Published On: Wed, Feb 15th, 2012

Krugman changes his tune, just in time to shill for Obama

I have said many times that Paul Krugman is much more a political operative than an economist, and while that makes people mad, it also is true. And the day before President Obama’s State of the Union Speech, suddenly the gloomy, “We-Are-Practicing-Austerity” Krugman was singing the praises of Obama the Great.

Yes, this is the same Obama that recently Krugman was claiming was not spending enough and was going to throw us into another downturn because of his policies of “austerity.” But now that we are in a political campaign, Krugman is singing, “Happy Days are Here Again.”

He claims that he was abused when he pointed out the housing bubble, and I find it interesting that in his blog posts and elsewhere, he has attacked Peter Schiff, yet it was Schiff who was the most vocal about the bubble and its meaning. Furthermore, Mark Thornton in 2004 had made the point about the bubble, and Ron Paul was playing Paul Revere on the subject in 2003. However, since Krugman thinks Austrians are idiots and don’t know any economics, he throws the Austrian warnings down the Orwellian Memory Hole.

(Now, don’t forget that Krugman’s good friend Ben Bernanke also missed the bubble, but Krugman isn’t about to jump on his ally for being wrong. No, Krugman is much too smart a political operative to do that.)

Yet, there are a couple things in this column that are puzzling. First, he claims that somehow we can revive the economy with…more housing:

But the economy is depressed, in large part, because of the housing bust, which immediately suggests the possibility of a virtuous circle: an improving economy leads to a surge in home purchases, which leads to more construction, which strengthens the economy further, and so on. And if you squint hard at recent data, it looks as if something like that may be starting: home sales are up, unemployment claims are down, and builders’ confidence is rising.

And why might housing be a bright spot in the future? He writes:

Furthermore, the chances for a virtuous circle have been rising, because we’ve made significant progress on the debt front.

That’s not what you hear in public debate, of course, where all the focus is on rising government debt. But anyone who has looked seriously at how we got into this slump knows that private debt, especially household debt, was the real culprit: it was the explosion of household debt during the Bush years that set the stage for the crisis. And the good news is that this private debt has declined in dollar terms, and declined substantially as a percentage of G.D.P., since the end of 2008.

Krugman is talking apples and oranges. No one has claimed that government debt brought about the recession; instead, they are saying that adding trillions of dollars of government debt only exacerbates the problem. Moreover, he is saying that housing has bottomed and maybe things will get better.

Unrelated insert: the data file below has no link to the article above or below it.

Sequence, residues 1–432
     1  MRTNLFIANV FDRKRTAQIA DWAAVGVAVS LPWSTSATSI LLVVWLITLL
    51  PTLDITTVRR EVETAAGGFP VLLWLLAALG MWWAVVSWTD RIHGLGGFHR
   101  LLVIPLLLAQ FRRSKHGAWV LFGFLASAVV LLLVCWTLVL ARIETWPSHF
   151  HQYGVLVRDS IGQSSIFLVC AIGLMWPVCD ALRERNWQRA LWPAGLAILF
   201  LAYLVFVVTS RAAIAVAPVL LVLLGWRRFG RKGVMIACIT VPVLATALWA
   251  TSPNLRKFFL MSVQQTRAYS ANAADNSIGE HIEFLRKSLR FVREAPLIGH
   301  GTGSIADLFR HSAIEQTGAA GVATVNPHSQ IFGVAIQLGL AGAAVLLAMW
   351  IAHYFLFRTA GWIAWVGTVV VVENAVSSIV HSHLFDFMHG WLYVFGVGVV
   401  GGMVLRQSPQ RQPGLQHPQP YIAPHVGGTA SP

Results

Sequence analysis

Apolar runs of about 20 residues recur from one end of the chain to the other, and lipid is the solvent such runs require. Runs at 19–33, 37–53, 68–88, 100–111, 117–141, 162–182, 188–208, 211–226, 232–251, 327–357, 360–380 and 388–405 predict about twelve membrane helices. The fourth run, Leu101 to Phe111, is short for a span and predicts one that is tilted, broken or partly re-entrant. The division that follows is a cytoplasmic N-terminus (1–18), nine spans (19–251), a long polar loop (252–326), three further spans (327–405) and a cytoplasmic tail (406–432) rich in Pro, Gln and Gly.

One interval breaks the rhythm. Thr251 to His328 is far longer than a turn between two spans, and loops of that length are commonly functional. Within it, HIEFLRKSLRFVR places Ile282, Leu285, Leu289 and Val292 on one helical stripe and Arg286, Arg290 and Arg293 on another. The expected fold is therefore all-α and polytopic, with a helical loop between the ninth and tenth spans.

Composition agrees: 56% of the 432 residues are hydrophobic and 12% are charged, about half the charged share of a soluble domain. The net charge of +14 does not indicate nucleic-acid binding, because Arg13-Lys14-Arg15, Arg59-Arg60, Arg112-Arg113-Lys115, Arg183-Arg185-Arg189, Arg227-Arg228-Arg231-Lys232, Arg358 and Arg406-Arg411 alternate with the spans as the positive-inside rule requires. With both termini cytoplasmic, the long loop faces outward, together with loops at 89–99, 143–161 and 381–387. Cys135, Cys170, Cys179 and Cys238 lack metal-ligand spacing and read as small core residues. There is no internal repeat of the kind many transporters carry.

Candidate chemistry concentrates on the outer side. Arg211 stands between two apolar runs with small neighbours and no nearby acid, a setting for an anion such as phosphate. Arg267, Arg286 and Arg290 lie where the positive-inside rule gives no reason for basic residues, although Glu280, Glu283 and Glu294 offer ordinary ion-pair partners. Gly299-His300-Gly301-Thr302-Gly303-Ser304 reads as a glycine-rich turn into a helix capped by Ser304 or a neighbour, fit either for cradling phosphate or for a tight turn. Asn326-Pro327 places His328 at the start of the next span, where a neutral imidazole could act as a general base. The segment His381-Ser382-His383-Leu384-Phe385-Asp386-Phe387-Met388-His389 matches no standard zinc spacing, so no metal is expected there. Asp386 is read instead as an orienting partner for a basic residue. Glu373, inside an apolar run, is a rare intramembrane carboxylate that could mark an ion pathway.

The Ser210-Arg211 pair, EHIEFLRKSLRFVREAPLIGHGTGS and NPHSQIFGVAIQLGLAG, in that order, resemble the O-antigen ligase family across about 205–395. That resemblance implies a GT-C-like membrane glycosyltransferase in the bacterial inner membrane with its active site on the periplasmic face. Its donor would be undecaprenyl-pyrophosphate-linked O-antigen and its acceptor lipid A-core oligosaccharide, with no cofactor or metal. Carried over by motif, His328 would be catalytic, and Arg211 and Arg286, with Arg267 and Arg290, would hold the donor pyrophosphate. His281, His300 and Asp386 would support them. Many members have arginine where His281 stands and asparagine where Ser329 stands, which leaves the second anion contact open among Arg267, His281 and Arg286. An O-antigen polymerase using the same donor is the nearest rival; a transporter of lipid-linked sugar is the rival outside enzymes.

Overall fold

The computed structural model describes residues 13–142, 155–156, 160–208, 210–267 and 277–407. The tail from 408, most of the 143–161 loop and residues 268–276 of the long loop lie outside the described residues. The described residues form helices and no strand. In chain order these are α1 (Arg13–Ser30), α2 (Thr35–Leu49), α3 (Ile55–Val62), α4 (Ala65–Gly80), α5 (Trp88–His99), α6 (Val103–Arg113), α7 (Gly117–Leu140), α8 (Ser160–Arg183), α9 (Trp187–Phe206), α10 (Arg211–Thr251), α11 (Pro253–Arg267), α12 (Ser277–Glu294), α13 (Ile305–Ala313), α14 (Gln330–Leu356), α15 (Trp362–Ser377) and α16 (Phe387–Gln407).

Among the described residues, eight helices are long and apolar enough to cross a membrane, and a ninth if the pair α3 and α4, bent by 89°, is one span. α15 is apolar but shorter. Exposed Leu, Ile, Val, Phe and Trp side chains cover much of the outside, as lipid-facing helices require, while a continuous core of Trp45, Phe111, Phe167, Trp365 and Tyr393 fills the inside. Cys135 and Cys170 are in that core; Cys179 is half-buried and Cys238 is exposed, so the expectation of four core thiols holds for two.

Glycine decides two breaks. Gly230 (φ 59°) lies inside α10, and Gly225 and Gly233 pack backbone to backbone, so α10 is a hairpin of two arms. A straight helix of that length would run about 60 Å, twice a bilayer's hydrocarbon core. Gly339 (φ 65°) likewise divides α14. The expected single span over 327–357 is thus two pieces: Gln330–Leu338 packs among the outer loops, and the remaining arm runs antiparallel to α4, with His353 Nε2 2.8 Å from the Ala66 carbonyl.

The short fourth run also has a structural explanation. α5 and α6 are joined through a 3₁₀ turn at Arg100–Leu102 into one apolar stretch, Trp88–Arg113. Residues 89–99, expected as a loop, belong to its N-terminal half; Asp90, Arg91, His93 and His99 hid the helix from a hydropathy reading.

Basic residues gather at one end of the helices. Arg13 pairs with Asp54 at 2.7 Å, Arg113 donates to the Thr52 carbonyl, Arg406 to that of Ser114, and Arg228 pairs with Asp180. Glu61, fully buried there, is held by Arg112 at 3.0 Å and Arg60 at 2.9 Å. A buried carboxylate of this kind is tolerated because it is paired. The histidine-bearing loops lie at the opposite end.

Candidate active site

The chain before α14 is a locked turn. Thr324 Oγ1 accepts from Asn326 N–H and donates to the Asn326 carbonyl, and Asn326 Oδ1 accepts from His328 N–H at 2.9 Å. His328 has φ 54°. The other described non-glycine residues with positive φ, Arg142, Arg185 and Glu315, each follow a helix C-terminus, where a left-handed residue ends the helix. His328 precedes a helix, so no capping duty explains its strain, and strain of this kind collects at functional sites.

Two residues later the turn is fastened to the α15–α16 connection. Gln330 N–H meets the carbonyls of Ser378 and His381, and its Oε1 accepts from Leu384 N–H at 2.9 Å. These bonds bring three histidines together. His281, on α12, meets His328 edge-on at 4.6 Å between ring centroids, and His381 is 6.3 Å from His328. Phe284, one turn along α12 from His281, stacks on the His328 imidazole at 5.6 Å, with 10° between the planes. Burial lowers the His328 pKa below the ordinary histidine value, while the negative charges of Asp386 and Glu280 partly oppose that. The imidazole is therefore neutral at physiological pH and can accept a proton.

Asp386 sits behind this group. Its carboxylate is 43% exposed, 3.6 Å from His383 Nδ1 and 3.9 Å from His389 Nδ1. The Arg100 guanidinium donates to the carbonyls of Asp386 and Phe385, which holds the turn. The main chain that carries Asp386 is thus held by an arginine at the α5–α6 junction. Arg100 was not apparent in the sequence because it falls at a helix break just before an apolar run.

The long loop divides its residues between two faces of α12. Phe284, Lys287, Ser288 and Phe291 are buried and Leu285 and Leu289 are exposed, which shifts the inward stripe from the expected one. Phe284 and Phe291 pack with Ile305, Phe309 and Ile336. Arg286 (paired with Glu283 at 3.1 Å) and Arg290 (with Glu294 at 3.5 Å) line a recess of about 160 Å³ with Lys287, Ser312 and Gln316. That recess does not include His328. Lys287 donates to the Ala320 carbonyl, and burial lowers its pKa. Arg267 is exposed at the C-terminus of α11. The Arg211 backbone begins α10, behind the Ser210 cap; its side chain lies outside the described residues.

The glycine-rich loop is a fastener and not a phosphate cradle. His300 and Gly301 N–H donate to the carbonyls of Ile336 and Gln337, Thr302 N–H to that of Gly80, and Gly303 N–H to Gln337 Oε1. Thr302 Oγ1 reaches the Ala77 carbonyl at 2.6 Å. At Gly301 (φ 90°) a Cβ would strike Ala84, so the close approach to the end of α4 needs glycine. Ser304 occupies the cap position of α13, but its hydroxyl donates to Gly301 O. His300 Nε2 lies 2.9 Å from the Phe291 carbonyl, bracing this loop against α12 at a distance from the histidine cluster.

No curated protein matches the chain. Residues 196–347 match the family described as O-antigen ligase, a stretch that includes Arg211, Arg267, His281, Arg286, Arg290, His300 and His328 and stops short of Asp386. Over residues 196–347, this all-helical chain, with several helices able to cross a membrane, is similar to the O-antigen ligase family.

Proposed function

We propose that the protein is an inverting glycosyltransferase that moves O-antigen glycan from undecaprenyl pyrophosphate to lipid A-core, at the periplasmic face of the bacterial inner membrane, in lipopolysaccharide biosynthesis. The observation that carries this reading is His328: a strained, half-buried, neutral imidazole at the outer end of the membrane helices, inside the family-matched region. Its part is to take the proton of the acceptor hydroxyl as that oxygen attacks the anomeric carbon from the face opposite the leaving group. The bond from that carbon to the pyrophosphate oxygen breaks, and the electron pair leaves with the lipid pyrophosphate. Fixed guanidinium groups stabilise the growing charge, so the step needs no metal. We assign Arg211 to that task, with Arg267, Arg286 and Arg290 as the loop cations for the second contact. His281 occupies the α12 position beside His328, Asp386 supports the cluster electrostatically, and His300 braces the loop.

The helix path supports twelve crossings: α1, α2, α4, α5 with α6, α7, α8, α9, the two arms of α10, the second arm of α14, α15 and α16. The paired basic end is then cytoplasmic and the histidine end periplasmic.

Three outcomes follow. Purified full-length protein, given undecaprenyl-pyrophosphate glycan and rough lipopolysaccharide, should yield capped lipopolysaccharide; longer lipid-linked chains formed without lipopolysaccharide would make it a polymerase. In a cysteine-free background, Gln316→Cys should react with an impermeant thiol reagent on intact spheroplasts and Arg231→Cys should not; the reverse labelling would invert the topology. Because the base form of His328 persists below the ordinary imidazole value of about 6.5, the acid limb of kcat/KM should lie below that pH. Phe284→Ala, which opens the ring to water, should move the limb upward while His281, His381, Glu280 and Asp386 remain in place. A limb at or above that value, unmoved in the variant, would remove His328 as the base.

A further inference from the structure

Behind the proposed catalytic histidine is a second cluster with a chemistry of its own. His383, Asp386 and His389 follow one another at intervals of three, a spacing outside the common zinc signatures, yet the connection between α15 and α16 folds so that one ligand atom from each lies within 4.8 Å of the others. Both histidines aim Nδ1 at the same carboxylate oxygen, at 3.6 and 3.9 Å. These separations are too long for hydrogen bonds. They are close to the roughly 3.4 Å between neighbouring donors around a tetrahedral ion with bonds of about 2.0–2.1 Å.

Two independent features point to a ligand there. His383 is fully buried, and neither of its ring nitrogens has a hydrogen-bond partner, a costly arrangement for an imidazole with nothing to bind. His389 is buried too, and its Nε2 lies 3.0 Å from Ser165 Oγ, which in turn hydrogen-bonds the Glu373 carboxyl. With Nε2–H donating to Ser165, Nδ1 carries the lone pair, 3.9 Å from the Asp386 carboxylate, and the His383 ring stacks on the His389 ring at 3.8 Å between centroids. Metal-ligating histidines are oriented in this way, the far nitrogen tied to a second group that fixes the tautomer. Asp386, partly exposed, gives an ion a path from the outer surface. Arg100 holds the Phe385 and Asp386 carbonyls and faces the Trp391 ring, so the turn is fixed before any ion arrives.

Why didn’t housing bottom sooner? It did not bottom because Krugman and others argued that the government should continue to pump huge amounts of money into those failing sectors in order to prop them up, as though higher prices bring prosperity. So, the government did just that and housing fell, albeit more slowly, but it fell, so the pain was stretched out.

So, in order to avoid a worse recession, the government created a depression. But now that Obama is up for re-election, suddenly he is Mr. Job Creator. Yes, the man who has pumped hundreds of billions of dollars into “green energy” and other such boondoggles suddenly is responsible for bringing back prosperity. Somehow, I doubt that is happening, but political operatives are not exactly known for their truth telling.

As for Krugman’s claim that more inflation and more government debt will give us recovery, Frank Shostak, who is a much better economic analyst than Krugman, says that recovery will come only when the government ends its jihad against savings. No, Shostak doesn’t have a Nobel, but he does actually understand economics.

Check out the “Krugman in Wonderland” posts here the Disptach – click here

William L. Anderson is an author and an associate professor of economics at Frostburg State University in Maryland. He is also an adjunct scholar with the Mackinac Center for Public Policy as well as for the Ludwig von Mises Institute in Alabama.

Read more at “Krugman-in-Wonderland”

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About the Author

- William L. Anderson is an author and an associate professor of economics at Frostburg State University in Maryland. He is also an adjunct scholar with the Mackinac Center for Public Policy as well as for the Ludwig von Mises Institute in Alabama.

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